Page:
Despite the pandemic, China’s recent moves in Central Asia indicate it harbours growing ambitions in a region that it sees as playing a jumpstart role for its multi-continental Belt and Road Initiative (BRI) for modern infrastructure that expands trade and investment.
In early June, China unveiled a new transportation corridor running through to Uzbekistan, via Kyrgyzstan. A freight train left the Chinese city of Lanzhou for the Uzbek capital of Tashkent, carrying some 230 tonnes of electrical appliances valued at $2.6mn. On the return journey, it was to bring back $1mn of Uzbek cotton. Initially, the corridor was to only involve a railway, but due to unending construction delays in Kyrgyzstan, China and Uzbekistan agreed on a rail-to-road-to-rail line. Goods departing from China reach Kyrgyzstan, where they are unloaded, before being trucked to Uzbekistan where they are once more loaded onto a train to facilitate the final journey to Tashkent.
China for decades held unsuccessful negotiations with successive governments in Bishkek for the construction of the near-400-kilometre Kyrgyzstan section of the railway link. But the generally unstable situation in the country, its poor economic performance and, not least, Kyrgyz nationalistic sentiment against the growing presence of the Chinese in Kyrgyzstan’s economy meant the railway project was perpetually postponed.
For Kyrgyzstan, Chinese investment in the construction of the railway would by some estimates increase its rail transportation by up to 30%. The China-Kyrgyzstan-Uzbekistan railway would also shorten the time required to transport goods between the three countries. Moreover, an attraction for Bishkek would be that the railway would be key in enabling the country’s goods to reach Europe while bypassing Russia.
‘Bigger picture’ Eurasian geopolitics could have been the real driver behind Bishkek’s continuous postponements of the rail link section. It is believed that Russia is against the initiative. Indeed, for centuries a lack of connectivity in Central Asia has served Russia’s purposes. Major roads, railroads and pipelines in Central Asia have been directed northwards to Russia. If this unfortunate geography was broken, it would mean a notable decrease in Russia’s influence in the region. The new corridor would thus offer leverage for China to get itself more deeply involved in the economies of Central Asia and specifically in big player Uzbekistan, the most populous of the Stans.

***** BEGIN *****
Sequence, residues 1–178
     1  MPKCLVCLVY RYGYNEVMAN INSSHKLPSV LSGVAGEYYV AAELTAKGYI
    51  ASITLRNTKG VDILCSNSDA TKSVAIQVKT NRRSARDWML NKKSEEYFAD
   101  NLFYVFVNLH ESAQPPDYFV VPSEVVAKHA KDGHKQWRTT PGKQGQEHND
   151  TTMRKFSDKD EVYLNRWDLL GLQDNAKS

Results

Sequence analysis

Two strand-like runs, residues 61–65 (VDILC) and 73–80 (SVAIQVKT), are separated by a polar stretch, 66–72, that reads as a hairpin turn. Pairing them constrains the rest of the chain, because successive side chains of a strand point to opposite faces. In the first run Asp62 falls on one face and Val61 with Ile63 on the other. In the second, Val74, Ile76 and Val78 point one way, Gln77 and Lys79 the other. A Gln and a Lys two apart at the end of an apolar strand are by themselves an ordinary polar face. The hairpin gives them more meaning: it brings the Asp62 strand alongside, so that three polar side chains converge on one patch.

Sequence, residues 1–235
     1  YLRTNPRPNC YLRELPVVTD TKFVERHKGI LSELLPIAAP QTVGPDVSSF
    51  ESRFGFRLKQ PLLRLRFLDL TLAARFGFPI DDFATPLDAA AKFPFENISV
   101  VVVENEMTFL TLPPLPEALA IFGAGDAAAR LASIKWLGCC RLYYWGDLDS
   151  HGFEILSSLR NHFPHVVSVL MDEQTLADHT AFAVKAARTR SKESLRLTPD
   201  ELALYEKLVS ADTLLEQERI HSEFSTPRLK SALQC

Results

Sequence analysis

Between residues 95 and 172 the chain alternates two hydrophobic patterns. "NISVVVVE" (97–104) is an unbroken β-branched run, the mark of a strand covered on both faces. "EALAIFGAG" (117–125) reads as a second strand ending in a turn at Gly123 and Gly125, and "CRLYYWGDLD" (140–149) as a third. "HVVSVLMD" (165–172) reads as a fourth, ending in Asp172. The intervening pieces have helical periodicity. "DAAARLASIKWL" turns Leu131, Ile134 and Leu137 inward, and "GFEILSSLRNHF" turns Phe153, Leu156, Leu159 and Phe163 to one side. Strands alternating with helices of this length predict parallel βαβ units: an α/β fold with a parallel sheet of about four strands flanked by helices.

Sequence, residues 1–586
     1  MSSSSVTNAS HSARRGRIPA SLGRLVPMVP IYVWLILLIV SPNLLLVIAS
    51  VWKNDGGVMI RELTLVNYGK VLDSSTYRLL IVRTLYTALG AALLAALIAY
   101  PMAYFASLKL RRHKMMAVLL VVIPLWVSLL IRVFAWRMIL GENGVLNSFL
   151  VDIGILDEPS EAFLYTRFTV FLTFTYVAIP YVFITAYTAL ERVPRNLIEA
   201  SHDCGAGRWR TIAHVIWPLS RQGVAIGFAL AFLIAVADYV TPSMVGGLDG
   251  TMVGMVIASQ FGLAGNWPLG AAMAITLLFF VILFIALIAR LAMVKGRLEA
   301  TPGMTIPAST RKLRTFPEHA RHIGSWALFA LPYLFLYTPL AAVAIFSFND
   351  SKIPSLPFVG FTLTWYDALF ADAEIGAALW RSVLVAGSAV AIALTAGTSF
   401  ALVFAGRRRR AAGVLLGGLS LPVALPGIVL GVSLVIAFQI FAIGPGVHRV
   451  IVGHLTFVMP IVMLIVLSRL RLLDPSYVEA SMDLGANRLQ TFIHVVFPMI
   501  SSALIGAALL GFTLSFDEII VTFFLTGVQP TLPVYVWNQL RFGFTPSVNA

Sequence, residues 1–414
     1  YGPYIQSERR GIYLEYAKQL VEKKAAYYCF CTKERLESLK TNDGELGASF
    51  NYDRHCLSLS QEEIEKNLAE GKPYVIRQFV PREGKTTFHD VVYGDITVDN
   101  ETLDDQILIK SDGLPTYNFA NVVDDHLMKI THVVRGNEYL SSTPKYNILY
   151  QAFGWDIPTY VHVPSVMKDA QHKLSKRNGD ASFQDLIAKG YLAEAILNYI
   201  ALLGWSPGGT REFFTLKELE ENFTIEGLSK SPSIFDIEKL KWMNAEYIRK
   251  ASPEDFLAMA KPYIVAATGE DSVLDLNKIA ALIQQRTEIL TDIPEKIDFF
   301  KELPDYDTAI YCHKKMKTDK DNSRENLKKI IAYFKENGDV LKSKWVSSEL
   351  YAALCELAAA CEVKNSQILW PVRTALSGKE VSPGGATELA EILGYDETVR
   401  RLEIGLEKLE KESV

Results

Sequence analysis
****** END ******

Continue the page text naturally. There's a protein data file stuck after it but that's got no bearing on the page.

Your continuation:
Projections show just how disadvantaged Russia would be should the full railway corridor be realised. The complete corridor would likely mean China sending at least 10-15% fewer products through the Kazakh-Russian route. Geography too is crucial here. The new corridor is shorter by some 300 kilometres than the Kazakh-Russian route, potentially knocking days off delivery time and making it the best option for reaching Europe from Xinjiang.
More importantly, the new corridor could have implications beyond Central Asia. Consider the following. Chinese goods could use the Turkmenistan/Afghanistan route to reach Iran, then Turkey and the Mediterranean. This could be especially doable if China and Iran complete negotiations over an envisaged mammoth 25-year trade and economic cooperation treaty in which Beijing makes massive investments in Iran in return for attractive discounts on large volumes of oil. Still, the unreliability of transit through Afghanistan and Turkmenistan makes the Caspian route via Azerbaijan and Georgia a much likelier scenario.
Repercussions for the West
Repercussions for the West of that route could be large: there could be a reinvigoration of Trans-Caspian shipping. The inland sea in recent years has seen a significant improvement in its ports infrastructure, particularly in Azerbaijan. Talks on building the dormant Trans-Caspian Pipeline (TCP) between Turkmenistan and Azerbaijan, regarded by the West as opening up alternatives to piped Russian gas, could again resurface.
Improved infrastructure in Central Asia will serve as a powerful building block for the fragile South Caucasus transport and energy corridor. Always limited because of other competing major trade routes between Asia and Europe, the route needs to better position itself between the two economic superpowers. As it would likely make China redirect some trade from the Russia-Kazakhstan route, it would serve as a necessary boost for the South Caucasus corridor to expand and perhaps bring larger investment in Georgia’s Black Sea ports.
The expansion of trade corridors of course fits neatly into the rising presence of Chinese influence in Central Asia. As another instance exemplifying this trend, the foreign ministers of China, Kazakhstan, Tajikistan, Turkmenistan, Kyrgyzstan and Uzbekistan convened via video conference in the “5+1” format on July 16. Issues such as China-Central Asia relations, economic growth and the political situation in volatile Afghanistan were discussed.
On a wider geopolitical level, the border dispute between India and China, as well as China’s relationship with the US and the European Union were touched upon. What might seem to many observers to be an ordinary gathering, could come to be regarded as a format that offers an important milestone as purely economic contacts are transformed into politico-economic relations.
Though the Kyrgyz section of the rail link is still to be negotiated and built, Chinese moves in this area are nevertheless bound to increase tensions with Russia. Moscow would likely again be careful in avoiding open discussion of the issue as competition with the US, and support from Beijing, far outweigh the difficulties in Central Asia. Eventually, however, Russia’s geopolitical calculus in the region will adapt to the new reality.
This article was also published at Intellinews